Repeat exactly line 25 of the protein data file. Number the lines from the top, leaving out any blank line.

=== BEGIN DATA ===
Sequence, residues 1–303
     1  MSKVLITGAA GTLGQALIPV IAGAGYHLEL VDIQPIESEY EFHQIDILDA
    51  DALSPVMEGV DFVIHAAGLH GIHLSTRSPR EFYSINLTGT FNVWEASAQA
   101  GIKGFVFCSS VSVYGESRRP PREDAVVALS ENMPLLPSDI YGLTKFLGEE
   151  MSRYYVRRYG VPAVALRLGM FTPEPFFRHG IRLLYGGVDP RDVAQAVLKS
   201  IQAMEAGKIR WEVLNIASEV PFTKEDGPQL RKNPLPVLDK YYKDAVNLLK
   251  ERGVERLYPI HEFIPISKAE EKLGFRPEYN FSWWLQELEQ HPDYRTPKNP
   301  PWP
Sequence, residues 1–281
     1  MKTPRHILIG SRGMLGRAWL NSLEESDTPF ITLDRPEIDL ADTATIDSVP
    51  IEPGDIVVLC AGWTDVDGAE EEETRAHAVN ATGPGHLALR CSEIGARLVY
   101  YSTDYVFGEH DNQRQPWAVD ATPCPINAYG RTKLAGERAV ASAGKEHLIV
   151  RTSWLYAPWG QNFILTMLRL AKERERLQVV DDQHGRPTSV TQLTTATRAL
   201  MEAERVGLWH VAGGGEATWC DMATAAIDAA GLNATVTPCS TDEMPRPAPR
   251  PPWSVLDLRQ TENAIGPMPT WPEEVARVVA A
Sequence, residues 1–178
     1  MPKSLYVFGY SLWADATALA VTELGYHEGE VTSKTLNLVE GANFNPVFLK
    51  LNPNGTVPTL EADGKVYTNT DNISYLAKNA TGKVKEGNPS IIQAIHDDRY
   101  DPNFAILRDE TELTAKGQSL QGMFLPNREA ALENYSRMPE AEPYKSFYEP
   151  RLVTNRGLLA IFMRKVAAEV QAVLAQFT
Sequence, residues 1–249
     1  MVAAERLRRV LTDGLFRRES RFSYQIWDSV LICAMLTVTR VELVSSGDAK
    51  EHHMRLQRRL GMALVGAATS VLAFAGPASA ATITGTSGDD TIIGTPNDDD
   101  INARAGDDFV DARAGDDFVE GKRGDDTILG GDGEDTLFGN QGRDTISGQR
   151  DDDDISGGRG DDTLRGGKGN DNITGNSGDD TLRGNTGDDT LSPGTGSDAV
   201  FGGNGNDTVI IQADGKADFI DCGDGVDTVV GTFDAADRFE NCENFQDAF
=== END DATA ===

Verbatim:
   151  DDDDISGGRG DDTLRGGKGN DNITGNSGDD TLRGNTGDDT LSPGTGSDAV